Want a professional executor, but prefer an institution such as a bank or trust company? Here’s what to expect.
The application process
Like all other bank interactions, you must complete lots of forms and paperwork. It’s a lot of documentation, it may feel like you’re applying to college all over again.
And just like applying for college, you may feel like you’re applying for acceptance. Banks do not accept all executor nominations, and they have internal committees to decide which estates they will serve.
The lowest minimum I’ve seen is $1 million liquid assets, and it usually must be invest with the bank. But more usually the minimum will be in the range of $2-5 million, liquid and invested.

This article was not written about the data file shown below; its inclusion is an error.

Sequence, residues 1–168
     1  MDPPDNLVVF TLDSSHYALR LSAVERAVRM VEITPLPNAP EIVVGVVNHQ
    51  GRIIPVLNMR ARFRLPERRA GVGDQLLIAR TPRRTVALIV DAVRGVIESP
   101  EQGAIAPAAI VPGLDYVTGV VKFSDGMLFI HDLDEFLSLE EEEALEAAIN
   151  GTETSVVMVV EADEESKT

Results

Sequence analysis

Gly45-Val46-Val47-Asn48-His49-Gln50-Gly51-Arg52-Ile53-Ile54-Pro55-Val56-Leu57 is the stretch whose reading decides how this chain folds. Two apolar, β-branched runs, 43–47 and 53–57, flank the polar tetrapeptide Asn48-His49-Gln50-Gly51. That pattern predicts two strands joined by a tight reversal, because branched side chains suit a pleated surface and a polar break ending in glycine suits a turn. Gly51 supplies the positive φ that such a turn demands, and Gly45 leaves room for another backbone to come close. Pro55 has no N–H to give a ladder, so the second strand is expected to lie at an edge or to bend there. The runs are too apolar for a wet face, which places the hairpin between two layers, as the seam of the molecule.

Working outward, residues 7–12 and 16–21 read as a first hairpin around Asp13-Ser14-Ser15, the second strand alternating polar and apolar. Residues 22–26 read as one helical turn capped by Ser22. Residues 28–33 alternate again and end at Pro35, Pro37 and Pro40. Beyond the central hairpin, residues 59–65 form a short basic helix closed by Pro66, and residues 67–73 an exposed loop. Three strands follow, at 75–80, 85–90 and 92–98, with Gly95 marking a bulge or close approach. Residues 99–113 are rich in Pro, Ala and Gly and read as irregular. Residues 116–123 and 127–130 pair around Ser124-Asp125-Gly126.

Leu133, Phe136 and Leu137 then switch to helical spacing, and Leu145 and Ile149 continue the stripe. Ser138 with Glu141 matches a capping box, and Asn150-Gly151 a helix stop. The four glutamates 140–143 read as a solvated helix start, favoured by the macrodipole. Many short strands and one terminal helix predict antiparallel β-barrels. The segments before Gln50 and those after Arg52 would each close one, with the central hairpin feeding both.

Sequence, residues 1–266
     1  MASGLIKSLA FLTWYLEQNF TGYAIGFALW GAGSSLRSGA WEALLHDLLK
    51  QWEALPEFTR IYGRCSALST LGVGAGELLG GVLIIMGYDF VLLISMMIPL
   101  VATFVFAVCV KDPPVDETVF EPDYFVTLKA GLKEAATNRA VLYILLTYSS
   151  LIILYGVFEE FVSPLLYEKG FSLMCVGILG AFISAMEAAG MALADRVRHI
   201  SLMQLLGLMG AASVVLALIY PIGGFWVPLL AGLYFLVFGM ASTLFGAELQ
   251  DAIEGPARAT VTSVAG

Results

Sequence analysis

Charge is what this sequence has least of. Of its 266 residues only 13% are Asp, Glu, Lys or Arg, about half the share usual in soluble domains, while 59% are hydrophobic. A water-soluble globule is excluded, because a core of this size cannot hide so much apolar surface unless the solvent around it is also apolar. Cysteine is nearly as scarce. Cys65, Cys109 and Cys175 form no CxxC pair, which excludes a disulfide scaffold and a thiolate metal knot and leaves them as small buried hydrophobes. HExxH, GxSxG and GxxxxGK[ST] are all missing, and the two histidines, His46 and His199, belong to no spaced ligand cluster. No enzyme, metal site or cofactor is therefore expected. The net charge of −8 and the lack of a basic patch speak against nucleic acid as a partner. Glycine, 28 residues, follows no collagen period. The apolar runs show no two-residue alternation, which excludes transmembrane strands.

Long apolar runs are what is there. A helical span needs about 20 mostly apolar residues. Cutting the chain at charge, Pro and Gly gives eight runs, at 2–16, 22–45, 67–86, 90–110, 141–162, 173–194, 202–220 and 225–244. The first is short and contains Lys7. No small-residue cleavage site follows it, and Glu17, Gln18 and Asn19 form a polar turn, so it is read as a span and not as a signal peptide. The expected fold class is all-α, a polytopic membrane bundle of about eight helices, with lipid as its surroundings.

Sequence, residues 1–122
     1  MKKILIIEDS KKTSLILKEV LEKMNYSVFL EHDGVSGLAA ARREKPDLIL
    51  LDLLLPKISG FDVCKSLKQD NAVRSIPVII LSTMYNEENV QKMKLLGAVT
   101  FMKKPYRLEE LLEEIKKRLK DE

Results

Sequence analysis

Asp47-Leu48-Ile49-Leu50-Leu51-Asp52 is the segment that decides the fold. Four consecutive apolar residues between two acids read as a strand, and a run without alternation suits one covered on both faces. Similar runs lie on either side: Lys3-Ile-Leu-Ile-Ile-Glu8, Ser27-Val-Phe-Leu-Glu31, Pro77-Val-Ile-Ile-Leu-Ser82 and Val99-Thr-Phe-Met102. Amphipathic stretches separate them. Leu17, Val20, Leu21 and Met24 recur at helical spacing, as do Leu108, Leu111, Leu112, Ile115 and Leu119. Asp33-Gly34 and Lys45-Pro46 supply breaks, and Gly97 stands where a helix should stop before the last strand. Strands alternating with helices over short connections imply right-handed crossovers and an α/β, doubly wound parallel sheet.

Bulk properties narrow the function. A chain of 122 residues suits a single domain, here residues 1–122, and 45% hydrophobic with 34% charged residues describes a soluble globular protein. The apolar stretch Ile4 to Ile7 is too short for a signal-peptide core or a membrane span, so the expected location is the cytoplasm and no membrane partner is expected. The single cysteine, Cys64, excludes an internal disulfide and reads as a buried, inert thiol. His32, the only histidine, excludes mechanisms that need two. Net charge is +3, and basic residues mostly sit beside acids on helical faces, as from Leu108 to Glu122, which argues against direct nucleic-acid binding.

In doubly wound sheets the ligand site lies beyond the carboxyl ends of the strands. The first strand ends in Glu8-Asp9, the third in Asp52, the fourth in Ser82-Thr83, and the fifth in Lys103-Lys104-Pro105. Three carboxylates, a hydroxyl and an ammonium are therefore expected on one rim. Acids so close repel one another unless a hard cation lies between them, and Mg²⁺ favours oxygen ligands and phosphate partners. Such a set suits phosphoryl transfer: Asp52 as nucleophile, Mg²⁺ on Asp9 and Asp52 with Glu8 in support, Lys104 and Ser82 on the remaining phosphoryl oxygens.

Anecdotally, we’re beginning to hear that banks prefer to accept trustee appointments, and not executorship.
Some financial institutions flat-out reject clients who ask them to serve as executor, even when that client has millions invested with them.
Apparently some banks have acknowledged that being an executor is tough work, and perhaps not worth it for them.
Customer (higher) fees
Most states have laws that set the executor’s compensation. But banks will usually ask you to sign a contract with it’s own fee schedule. Higher fees, of course.
Banks have many advantages (“immortality,” private client perks such as fine dining, tickets, etc.), just be aware of what it entails.